The Spiritual Development Game
Keaau Beach, Hawaii
March 26 `73
It was another beautiful day. My invitation to join a yoga class
continued to produce benefits, even though I hadn’t gone to class yet.
I couldn’t stop thinking about my own philosophy and the parallel
stuff that was both in it and in Eastern philosophies. Negation seemed
to be at the heart of everything.
It had been a while since I had come to the conclusion that negation
was at the center, lying dormant, of all meaning and purpose. Life was
“just a moving on.” There was nothing there except the “stuff that
moved ya,” and kept you breathing. Beyond survival, and sense
gratification, nothing else really mattered. There was expedience, but
forget about good and evil, right and wrong. For the people who had
it, opportunity and advantage worked swell. But, for those who didn’t,
things were not so good. The message was, as it always had been,
change things if you could, otherwise endure, endure, and endure some
more. It was your trip; enjoy the ride—if you could. But be aware,
like the clouds in the sky, nothing changes, it just moves around.
That was it; if you could rearrange the dust and keep everything mixed
up, and you’re a good liar, you might actually make yourself believe
that things were getting better. Be my guest; just don’t expect me to
join in on the chorus.
I guessed that was why I liked Buddhism so much. It cut to the chase.
Suffering was it; suffering was everything. When you looked at things
that way, life was so simple. There was no holding on to the “good
stuff.” In the end, everything either broke down or died. Buddhism
offered some hope, though. It said, “Do this and that,” and the pain
would go away. It wasn’t boastful either. It said, “There is `a way’
to end suffering; take it or leave it.” I liked that, short and sweet.
A couple of days ago, Babbet came to see me. I wanted to talk about
Eastern philosophy; she just wanted to talk, and she did. I listened.
When I met her again, we did talk about yoga, but it wasn’t good. She
had appointed herself my spirit guide. I had very few contacts with
people that were into Eastern religion. I knew religion could become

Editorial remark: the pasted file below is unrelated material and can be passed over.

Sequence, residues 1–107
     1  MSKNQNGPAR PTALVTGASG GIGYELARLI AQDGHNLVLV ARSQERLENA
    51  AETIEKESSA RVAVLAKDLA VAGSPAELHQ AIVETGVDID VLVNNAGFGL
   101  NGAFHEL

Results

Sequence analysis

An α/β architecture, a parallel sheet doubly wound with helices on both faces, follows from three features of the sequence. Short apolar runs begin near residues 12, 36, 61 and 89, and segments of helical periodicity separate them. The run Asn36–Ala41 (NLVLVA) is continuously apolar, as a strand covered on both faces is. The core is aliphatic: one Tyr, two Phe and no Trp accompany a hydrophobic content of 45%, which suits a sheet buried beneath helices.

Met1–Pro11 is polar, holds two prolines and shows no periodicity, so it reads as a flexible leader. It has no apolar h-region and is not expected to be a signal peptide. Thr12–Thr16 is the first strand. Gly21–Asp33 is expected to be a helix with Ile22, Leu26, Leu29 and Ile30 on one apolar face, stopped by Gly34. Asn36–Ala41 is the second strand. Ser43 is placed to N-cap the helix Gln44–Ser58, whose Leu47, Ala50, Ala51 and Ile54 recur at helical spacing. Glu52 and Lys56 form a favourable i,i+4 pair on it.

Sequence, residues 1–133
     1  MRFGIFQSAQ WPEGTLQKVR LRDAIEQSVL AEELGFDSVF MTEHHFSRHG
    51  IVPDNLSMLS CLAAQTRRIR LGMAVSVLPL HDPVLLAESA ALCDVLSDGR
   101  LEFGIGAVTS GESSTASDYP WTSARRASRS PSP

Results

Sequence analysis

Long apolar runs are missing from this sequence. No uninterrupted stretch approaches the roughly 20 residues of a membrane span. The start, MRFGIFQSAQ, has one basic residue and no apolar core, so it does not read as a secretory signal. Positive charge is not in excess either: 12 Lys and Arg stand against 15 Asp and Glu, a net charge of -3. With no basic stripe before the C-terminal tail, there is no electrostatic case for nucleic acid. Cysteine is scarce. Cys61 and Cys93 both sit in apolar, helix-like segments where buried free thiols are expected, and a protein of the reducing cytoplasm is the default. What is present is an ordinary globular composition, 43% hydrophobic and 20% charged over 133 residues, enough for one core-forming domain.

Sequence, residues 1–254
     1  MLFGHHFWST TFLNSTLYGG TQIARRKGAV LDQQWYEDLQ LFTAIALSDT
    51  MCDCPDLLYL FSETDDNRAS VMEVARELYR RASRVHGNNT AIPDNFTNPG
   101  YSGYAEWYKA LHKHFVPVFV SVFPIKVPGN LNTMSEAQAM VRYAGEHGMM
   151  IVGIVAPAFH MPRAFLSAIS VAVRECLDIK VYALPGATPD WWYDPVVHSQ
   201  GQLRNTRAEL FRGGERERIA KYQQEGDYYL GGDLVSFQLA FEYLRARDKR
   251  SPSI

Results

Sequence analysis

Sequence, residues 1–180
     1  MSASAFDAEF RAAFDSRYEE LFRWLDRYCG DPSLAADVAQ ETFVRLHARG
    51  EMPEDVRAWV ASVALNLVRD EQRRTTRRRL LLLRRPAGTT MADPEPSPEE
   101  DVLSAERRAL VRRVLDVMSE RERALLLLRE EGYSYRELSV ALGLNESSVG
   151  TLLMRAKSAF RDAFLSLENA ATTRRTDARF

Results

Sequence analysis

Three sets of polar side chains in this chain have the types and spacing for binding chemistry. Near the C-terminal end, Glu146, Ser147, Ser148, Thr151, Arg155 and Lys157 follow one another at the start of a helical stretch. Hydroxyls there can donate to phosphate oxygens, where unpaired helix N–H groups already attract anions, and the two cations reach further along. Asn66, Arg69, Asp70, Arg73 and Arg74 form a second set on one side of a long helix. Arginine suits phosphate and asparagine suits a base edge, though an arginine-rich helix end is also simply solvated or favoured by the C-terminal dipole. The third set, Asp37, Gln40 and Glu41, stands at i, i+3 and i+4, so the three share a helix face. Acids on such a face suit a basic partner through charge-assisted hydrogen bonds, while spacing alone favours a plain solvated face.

an opiate if you let it, but I really wanted to join the yoga class. I
also knew I would do it with caution.
Down on the beach lived a group of Jesus freaks, three guys and two
girls. They kept themselves busy reading their Bibles, but when I
walked past them they would smile and sometimes wave. Yesterday, I
guess I got a little too close because the leader came forward to
greet me. He was a dark-skinned Hawaiian with dread locks hanging
down to his shoulders. He had a condescending attitude towards me, but
it was nothing substantial. I guessed he just wanted to save me. Our
conversation was important because it got me thinking that maybe I
also had a condescending attitude towards him. After all, I wasn’t new
to the spiritual development game.
Sure enough, after a bit of introspection, I concluded that I too was
harboring feelings of spiritual superiority. I guess that was
inevitable. I was into Eastern philosophy both before, and after, I
glimpsed the nothingness at the center of being. It was only natural
to hook my wagon up to that program, which had spiritual development
built right into it. Once I latched onto their ideas, I automatically
felt myself on the fast track to somewhere. It was anybody’s guess
where– enlightenment, bliss, salvation, disappointment…?
After talking with the Jesus guy, I became aware of what I was doing,
and fell back to earth (or was it the abyss?). I still had “my ideas,”
and I believed in them, but they ceased to be progressive; there was
“no footing in nothingness.” There was no way out of emptiness. I had
not met the Yogi yet, but his influence had already made an impact on
me. I would be ready for him at my first class.